Spherical with 15 frames didn’t stitch properly (30 degrees per frame).
Spherical with 30 frames managed to stitch. So the increased amount of overlay helped (15 degrees per frame)
Spherical with one layer of the panorama for 15 frames worked – but has the same style of stitch.
I note that sometimes I don’t like using the spherical stitch due to the shape and/or star stretching- so this is a limitation of lightroom. With spherical – you can see at the top of the image that in order to stitch the ultra wide together it pulls the stars like a rubber band. Cylindrical didn’t work and perspective didn’t render.
Photoshop – has the same sort of issues as lightroom. You create the panorama and if it doesn’t work, start again. I can’t help but think I’m missing something 😛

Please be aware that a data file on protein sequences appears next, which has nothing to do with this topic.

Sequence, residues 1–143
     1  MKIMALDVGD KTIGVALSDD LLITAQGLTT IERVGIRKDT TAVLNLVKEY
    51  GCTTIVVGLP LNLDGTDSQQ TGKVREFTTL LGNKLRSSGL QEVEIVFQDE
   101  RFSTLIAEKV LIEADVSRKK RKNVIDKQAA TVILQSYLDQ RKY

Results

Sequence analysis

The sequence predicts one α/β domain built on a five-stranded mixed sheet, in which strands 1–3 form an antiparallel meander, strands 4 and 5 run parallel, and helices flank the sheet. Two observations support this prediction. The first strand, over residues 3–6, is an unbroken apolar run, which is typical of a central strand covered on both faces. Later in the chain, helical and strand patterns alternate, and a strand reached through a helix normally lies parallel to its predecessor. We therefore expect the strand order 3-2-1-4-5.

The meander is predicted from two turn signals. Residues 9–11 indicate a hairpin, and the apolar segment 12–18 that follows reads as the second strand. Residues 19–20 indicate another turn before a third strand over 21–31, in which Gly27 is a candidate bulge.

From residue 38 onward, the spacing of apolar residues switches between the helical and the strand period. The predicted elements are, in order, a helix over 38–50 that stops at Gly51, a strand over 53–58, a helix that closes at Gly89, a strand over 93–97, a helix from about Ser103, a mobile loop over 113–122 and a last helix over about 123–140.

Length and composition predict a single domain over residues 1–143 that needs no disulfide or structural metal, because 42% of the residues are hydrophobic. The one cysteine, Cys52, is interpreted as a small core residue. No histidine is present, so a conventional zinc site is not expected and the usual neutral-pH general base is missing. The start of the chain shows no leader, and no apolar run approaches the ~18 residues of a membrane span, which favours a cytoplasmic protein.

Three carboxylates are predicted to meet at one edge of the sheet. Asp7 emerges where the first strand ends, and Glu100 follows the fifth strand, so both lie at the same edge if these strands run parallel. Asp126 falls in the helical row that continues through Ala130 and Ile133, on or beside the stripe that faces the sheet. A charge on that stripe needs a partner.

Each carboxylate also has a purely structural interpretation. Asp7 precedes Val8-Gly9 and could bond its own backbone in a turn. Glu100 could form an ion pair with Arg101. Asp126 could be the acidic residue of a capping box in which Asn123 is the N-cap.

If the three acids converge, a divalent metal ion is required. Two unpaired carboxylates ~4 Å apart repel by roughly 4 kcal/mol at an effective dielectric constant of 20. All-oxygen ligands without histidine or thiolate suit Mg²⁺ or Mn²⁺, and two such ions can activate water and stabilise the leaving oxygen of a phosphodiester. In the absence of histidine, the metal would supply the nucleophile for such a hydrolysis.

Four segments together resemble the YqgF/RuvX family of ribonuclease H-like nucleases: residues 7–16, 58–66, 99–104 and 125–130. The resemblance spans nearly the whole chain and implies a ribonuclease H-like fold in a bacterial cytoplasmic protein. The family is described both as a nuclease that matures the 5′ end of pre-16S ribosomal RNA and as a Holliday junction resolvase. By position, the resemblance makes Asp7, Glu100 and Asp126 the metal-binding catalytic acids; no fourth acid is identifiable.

Automated 2 layer with all 30 images – wow that looks like I ate something bad.
I’ll have to confess – PS just didn’t manage to stitch the panorama properly. Since lightroom could do at least something – I think I must have been doing something wrong.
I tried automated 2 layer with 30 images, 15 images and single layer with 15 images and for this particular panorama it failed.
PTGUI Pro – I really like this software. It had a bit of a learning curve to begin with, but now it’s a bit second nature to me now. When the panorama doesn’t stitch together properly, the use of control points to match between images is great and the masking ability. It can also do HDR panoramas.
First initial stitch said that it couldn’t match all the points and needed me to connect them manually. What happens then is I add the connecting points to each other and restitch it. Depending what is missing, this can be a timely process.